From the Bazelon Center on Mental Health Law
This year will see the rollout of “988,” the new three-digit number for calls to the National Suicide Prevention Lifeline. 988 has been touted as the new “mental health 911.” The federal government and many states and localities are touting 988 as an alternative to and resource for the 911 system, to reduce the number of calls involving people with mental health issues to which the police are sent.
We appreciate support for 988 as part of a more effective response to people experiencing mental health crises. But 988 alone is not enough. More, and more effective, 988 call centers are only part of what is needed to help people with serious mental health issues, especially Black and Brown people who have experienced trauma from over-policing. We also need mobile crisis teams that can timely travel to help de-escalate a situation, and we need community crisis stabilization centers for those times when people need somewhere to go for help. We also need robust longer-term services, including intensive case management, peer services, Assertive Community Treatment(ACT), supported employment, and supported housing, and for children and youth “wraparound” services. These services help people with serious mental health issues live successfully in their own homes and communities—and avoid crisis situations.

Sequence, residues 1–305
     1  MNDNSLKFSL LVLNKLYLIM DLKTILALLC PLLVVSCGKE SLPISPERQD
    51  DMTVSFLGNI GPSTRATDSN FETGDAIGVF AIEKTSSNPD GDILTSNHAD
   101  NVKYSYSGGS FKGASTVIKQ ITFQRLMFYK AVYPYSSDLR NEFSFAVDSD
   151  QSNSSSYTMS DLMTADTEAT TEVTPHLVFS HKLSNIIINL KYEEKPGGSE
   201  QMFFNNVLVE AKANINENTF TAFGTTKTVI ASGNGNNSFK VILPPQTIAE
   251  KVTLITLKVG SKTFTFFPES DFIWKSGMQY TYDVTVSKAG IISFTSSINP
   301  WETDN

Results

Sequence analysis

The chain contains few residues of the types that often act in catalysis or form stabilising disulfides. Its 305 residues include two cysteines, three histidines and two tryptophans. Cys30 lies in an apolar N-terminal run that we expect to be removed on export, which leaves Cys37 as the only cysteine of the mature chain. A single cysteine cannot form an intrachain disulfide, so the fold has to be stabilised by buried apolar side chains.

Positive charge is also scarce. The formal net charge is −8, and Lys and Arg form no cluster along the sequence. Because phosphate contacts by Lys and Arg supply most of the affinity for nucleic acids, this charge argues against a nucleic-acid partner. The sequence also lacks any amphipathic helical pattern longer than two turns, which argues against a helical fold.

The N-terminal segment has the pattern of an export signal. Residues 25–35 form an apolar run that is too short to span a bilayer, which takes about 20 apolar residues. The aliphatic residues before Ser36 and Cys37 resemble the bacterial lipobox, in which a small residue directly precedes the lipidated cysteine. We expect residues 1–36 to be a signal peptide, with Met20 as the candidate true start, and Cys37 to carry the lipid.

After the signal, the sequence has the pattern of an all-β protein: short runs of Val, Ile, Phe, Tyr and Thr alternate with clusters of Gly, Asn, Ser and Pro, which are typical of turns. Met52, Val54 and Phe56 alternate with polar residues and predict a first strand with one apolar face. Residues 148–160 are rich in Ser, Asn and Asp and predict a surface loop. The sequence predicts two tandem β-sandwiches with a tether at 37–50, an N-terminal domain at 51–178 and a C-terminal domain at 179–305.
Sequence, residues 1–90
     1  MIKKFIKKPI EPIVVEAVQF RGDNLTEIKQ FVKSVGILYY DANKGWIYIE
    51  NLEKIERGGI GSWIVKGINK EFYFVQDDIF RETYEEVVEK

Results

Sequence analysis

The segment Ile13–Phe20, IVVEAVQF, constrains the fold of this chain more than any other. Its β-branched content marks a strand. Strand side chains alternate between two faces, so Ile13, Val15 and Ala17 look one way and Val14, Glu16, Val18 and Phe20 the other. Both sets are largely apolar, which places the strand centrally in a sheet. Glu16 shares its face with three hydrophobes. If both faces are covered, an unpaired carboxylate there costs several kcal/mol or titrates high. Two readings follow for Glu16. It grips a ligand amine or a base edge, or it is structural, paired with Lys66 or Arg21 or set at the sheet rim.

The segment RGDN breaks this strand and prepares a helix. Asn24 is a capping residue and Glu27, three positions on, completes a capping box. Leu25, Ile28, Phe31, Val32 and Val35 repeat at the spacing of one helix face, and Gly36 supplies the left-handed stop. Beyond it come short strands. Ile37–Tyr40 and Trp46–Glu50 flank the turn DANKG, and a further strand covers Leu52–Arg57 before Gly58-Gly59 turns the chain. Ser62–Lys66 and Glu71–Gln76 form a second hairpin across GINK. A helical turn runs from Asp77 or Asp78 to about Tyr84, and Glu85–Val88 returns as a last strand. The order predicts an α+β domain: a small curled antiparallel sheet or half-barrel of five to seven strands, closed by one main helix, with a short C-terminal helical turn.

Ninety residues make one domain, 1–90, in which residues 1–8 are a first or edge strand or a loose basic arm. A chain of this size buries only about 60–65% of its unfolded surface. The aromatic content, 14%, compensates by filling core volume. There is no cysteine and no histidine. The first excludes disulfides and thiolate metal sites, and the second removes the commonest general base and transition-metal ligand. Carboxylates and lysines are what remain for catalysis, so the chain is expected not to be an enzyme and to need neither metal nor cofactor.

This paper proposes a vision for a truly community-based response to people with urgent behavioral health needs. 988 can be part of this response, but is only a part of what we really need.